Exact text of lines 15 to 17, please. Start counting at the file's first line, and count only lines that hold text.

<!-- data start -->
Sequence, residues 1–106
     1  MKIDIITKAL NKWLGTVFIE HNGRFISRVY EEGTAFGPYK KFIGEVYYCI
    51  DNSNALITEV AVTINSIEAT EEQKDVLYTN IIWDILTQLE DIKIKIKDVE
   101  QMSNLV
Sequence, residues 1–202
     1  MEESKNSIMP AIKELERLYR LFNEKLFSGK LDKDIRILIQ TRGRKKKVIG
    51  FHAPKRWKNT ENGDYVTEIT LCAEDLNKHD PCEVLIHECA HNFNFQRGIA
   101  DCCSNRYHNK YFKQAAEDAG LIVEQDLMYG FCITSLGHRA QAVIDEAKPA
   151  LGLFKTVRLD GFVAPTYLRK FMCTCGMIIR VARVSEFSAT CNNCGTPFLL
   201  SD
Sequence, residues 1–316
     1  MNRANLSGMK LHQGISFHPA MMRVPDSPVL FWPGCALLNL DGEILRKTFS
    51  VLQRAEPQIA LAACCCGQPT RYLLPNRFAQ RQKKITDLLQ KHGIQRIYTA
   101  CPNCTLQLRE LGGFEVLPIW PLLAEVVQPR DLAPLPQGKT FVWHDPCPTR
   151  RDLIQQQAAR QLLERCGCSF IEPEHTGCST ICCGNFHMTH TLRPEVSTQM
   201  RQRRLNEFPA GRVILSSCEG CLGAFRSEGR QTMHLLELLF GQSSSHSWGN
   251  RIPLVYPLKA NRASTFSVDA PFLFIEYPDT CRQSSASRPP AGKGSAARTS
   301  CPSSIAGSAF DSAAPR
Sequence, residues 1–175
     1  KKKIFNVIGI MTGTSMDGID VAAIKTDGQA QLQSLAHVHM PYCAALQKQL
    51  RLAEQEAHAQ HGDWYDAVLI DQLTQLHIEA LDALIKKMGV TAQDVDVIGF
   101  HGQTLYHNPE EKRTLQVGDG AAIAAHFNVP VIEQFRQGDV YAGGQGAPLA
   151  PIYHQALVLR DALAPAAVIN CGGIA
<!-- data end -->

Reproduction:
   151  RDLIQQQAAR QLLERCGCSF IEPEHTGCST ICCGNFHMTH TLRPEVSTQM
   201  RQRRLNEFPA GRVILSSCEG CLGAFRSEGR QTMHLLELLF GQSSSHSWGN
   251  RIPLVYPLKA NRASTFSVDA PFLFIEYPDT CRQSSASRPP AGKGSAARTS